I would start first with the Qiao Mai, opening with BL-62, then needling BL-1.  Adam has been looking to excessively at the world, and needs to anchor within; so the next points would be CV-4 and CV-5.  These points are also the mu-points for the Small Intestine and Triple Warmer, referred to above as expressing jing and shen outwards (the SI being paired with the Heart and Vessels which govern and store the Shen).  One could opt to close with LU-7 at this point.  I might consider leading this consolidation back to the source, to GV-3 and GV-4, before ultimately closing with SI-3 (the control point on the Du Mai).

Needles should be inserted fairly deeply.  A vibrating technique should be used to obtain qi.  The needles should be retained for 40 minutes or so (although Adam’s jing is possibly quite motile, as an infant’s would be, and thus needle retention could be shorter in time).  Treatment should be once weekly, for three months.

Herbal treatment would lead the fire back to the source using Rou Gui and Huang Lian, while augmenting yin and jing with either E Jiao or Gui Ban.  In lieu of animal products (not really an issue for Adam, but in countries where animal products are restricted an issue for practitioners), one might try using Shu Di and Luo Shi Teng.  This latter herb usually treats the Luo Mai; but when the luo empty into the EVs, it may be helpful to see if the luo can be engaged through herbal treatment to reverse the flow.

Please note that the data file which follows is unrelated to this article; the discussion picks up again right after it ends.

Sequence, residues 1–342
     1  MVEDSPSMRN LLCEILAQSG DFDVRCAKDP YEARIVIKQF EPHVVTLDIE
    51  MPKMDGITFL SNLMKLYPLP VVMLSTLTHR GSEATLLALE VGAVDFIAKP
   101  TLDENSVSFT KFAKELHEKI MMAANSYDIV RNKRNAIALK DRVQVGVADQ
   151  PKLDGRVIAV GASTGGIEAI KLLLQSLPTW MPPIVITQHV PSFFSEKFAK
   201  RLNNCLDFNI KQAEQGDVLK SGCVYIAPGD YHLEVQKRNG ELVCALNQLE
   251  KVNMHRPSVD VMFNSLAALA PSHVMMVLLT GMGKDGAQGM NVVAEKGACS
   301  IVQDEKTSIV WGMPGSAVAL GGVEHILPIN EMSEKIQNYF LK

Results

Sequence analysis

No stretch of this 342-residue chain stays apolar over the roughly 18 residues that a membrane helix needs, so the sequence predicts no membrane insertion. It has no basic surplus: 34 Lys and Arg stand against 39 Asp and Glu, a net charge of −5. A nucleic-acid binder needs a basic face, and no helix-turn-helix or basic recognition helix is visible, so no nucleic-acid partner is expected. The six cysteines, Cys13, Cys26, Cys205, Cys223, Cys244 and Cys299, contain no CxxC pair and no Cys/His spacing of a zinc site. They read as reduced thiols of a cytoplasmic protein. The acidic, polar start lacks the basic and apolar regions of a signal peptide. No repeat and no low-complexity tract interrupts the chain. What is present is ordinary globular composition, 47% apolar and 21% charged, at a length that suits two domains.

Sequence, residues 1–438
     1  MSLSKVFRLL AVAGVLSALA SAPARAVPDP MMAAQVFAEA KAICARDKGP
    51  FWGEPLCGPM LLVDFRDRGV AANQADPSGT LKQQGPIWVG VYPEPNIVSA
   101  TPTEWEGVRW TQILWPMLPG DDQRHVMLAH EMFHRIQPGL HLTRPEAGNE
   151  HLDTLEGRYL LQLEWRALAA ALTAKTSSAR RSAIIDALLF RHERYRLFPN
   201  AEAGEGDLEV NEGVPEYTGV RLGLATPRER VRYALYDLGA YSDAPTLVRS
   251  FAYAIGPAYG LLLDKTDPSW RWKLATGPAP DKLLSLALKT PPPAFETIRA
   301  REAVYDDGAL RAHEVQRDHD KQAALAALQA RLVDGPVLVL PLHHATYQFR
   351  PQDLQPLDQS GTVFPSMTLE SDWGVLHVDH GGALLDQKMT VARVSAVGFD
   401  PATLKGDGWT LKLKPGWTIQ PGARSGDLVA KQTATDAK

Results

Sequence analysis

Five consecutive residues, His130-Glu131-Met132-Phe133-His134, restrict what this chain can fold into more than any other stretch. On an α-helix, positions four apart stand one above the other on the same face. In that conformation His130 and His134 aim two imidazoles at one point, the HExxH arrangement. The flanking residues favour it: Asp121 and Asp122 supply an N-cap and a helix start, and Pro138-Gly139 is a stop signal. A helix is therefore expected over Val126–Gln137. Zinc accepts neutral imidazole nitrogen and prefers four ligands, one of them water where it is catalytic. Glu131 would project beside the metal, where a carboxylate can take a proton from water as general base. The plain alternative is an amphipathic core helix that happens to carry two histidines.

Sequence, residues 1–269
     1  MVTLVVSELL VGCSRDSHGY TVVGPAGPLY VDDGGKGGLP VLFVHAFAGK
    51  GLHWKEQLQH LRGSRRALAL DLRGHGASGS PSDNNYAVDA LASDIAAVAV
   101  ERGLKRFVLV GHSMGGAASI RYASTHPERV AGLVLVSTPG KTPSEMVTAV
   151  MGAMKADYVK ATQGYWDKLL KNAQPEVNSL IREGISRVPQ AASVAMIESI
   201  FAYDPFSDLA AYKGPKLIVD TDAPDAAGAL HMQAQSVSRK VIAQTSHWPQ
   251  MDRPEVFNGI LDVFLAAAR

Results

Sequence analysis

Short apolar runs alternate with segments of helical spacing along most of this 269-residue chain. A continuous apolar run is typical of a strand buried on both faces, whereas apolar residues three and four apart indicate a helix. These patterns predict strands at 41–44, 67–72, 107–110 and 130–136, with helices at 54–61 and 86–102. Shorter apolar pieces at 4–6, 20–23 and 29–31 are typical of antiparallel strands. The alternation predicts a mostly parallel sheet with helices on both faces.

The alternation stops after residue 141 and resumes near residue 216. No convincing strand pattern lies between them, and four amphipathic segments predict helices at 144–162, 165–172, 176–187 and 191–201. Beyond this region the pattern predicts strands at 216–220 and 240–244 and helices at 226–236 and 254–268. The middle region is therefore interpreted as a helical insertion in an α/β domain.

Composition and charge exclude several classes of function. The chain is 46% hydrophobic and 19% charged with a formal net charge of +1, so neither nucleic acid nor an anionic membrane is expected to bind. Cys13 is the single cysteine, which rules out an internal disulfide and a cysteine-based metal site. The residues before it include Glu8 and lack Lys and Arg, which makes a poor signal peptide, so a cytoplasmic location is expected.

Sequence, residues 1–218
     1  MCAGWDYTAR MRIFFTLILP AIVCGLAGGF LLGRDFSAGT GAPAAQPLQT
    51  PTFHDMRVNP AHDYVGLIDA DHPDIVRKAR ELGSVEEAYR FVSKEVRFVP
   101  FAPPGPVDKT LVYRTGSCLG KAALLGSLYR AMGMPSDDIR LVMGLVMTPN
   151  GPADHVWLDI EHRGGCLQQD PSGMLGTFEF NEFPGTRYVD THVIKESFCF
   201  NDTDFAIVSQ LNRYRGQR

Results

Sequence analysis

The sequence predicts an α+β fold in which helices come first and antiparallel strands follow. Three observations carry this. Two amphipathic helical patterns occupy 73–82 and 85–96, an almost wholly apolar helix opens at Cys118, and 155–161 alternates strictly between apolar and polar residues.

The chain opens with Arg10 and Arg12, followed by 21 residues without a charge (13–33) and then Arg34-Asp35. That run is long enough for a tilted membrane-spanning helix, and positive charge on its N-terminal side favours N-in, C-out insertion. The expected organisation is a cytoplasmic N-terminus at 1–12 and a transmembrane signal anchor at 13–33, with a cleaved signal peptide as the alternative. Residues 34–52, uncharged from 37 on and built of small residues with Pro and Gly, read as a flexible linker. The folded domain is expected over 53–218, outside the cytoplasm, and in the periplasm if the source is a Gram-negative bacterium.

The question of the state of Adam’s jing and ming men fire highlights a plot hole — we don’t really know how he came to life.  Does he have a base creature on which he was built?  Was this creature still alive when the operations were being performed?  Is he primarily an augmented human being?  Primarily a Demon?  Do demons have the same vasculature as humans?

Adam’s physiology raises particularly interesting questions from a Chinese perspective.  Does he have any extraordinary vessels?  Does he have a shen, which would have a curriculum to work out in this world?  Did he embody the unresolved pathologies contained in the luo vessels of a previous existence?  How would a Chinese Frankenstein’s monster be created?  How would the connexions of the various channels be treated?  Would a ‘translation’ of channels into fascial continuity provide a different take on how such a creature could be constructed?

I will leave such philosophical questions for the readers of this post to ponder.

As always, this post is for informational purposes only.  If you think Chinese Medicine can help you engage with your life’s work in greater depth or with greater clarity, please see a qualified practitioner.  Happy Slayage!